Coffee exporters follow each others’ steps falling into decay
VietNamNet Bridge – The last three years have witnessed the deaths of a series of companies and coffee material collection agents in the Central Highlands.
Truong Ngan, a famous name in the coffee industry, one of the top 20 Vietnamese coffee exporters, has been encircled by debts. Seven big banks have been chasing for the company, asking to pay debts.
The movement of the coffee processors and exporters falling into insolvency began in late 2011, which is, in the eyes of analysts, the bad signal for the Vietnamese coffee industry.
In mid-2012, analysts for the first time mentioned the possible bankruptcy of Thai Hoa Group, one of the biggest coffee groups in Vietnam, which was believed to abuse short term capital to invest in long term investment projects.
Thai Hoa has had the eighth consecutive unprofitable business quarter. The Q1 finance report showed that Thai Hoa took the loss of VND37.9 billion in the quarter. The business result, plus the minus stockholder equity and the excess of short term debts over short term assets may lead to the fact that Thai Hoa would be forced to delist.
The accumulative loss Thai Hoa has incurred so far has reached VND660.4 billion. The short term debts of Thai Hoa alone by March 31, 2013 had reached VND2 trillion, higher by VND700 billion than the short term assets.
The figures about Thai Hoa’s debts and losses would not attract the special attention from the public, if Thai Hoa was just a normal enterprise.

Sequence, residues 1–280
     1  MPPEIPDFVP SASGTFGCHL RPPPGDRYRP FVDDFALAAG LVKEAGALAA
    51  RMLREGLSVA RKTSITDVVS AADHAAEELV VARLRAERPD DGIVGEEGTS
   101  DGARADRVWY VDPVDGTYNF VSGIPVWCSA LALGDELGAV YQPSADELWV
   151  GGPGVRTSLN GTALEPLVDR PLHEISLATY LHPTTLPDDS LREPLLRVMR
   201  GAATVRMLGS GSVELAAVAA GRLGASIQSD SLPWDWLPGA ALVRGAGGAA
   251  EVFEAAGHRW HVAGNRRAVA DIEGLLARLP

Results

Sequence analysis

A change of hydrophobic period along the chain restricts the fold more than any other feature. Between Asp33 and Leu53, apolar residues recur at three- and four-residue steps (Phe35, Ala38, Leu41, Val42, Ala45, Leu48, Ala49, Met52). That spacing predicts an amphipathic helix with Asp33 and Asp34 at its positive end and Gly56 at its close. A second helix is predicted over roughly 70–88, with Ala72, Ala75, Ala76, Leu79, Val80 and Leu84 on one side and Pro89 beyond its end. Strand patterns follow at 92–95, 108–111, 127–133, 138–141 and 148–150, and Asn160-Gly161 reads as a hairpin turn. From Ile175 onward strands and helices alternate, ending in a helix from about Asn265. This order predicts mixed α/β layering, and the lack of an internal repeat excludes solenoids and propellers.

The coffee group with a 17-year operation is one of the biggest groups in the field in Vietnam. In 2009, Thai Hoa’s Arabica exports amounted to 50 percent of the total exports of Vietnam, while its Robusta exports were on the third position, which brought the huge turnover of VND3.2 trillion.
Thai Hoa is the only enterprise which operates under a close process, from the cultivation, harvesting, processing, and providing services to exporting. Therefore, no one could imagine before that Thai Hoa would meet the misfortune one day.
AGC, Truong Ngan, INEXIM Dak Lak are believed to follow the big guys’ steps to fall into insolvency.
AGC, for example, in which Thai Hoa holds 52 percent of stakes, has had its shares delisted after it continuously took loss, which has led to the minus stockholder equity.
Dr. Le Xuan Nghia, a well-known economist, has noted a wave of medium and big enterprises sinking, including the ones in the farm produce and seafood industry, the two key exporters of Vietnam.
In 2012, a series of big guys in the seafood sector fell down, namely Bianfishco, Thien Ma Import-Export Company, Dong Nam Seafood Company.
The coffee industry has also tasted the bitterness. A report said 24 small enterprises in the Central Highlands have shut down their business due to the insolvency. Bigger enterprises such as Vinacafe Da Lat, a subsidiary of VInacafe Vietnam, has also incurred big losses.
Even INEXIM Dak Lak, the first Vietnamese coffee company which joined the future market, has also reportedly met big difficulties.
The noteworthy thing is that the coffee companies, both small and big, still have incurred loss though Vietnam’s coffee exports have been increasing steadily since 2000. Especially, the country’s export turnover reached $2 billion in 2008.